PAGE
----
Empire and Order: The Concept of Empire, 800-1800

Article excerpt

Empire and Order.' The Concept of Empire, 800-1800. By James Muldoon. (NewYork: St. Martin's Press. 1999. Pp. viii, 209. $65.00.)

This helpful work of synthesis-a short book on a vast topic, as the author says-distills into a readily accessible form a considerable body of earlier technical scholarship in the field. Some readers may be surprised but medievalists will rejoice that the book is mainly concerned with the centuries before 1500 and that within that period the author pays particular attention to the works of the medieval canonists. Their complex writings, mostly known only to specialists, do indeed present the most interesting and varied discussions on medieval concepts of empire.

At the outset, the author criticizes a common assumption about the transition from medieval to early modern forms of government. In the medieval world, according to this view, an ideal of universal empire-ecclesiastical or secular-coexisted with a reality of extreme political fragmentation. In contrast, the early modern period saw the emergence of separate states with effective centralized governments but without pretensions to universal jurisdiction. An underlying argument of Muldoon's book is that this contrast between empire and state is too simplistic. The idea of universal empire was contested in the Middle Ages, and the early modern period saw the rise of great new empires.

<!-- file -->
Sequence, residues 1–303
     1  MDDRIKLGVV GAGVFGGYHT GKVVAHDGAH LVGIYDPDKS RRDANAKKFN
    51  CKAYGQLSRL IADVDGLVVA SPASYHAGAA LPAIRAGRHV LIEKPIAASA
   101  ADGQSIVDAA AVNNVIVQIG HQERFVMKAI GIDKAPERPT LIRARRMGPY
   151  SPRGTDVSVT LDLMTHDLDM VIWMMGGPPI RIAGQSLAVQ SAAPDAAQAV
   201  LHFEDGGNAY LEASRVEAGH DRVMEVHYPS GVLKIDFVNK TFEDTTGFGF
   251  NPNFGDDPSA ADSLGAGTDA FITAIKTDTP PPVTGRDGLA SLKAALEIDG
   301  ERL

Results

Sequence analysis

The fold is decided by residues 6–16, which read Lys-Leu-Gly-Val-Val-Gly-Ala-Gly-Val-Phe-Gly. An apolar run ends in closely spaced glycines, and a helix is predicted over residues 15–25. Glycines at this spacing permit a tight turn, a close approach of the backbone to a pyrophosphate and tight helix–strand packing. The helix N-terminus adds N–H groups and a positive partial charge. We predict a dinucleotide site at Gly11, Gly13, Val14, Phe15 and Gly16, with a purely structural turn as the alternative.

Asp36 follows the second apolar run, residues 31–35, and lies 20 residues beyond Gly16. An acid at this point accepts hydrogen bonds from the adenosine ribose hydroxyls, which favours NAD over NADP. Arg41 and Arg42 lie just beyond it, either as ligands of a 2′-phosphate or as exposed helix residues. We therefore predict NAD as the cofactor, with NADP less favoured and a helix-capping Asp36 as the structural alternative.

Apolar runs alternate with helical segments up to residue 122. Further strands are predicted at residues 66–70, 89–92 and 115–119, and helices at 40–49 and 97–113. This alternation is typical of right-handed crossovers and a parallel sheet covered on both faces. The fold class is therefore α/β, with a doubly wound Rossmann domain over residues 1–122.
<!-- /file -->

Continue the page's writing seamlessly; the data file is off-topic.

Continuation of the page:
The author emphasizes that there was not just one idea of empire in the Middie Ages but several. From a high papalist point of view the empire was an office within the Church, deriving its authority from the pope. For the German emperors it was essentially a title to rule Germany and Italy, derived from God through election by the princes. …


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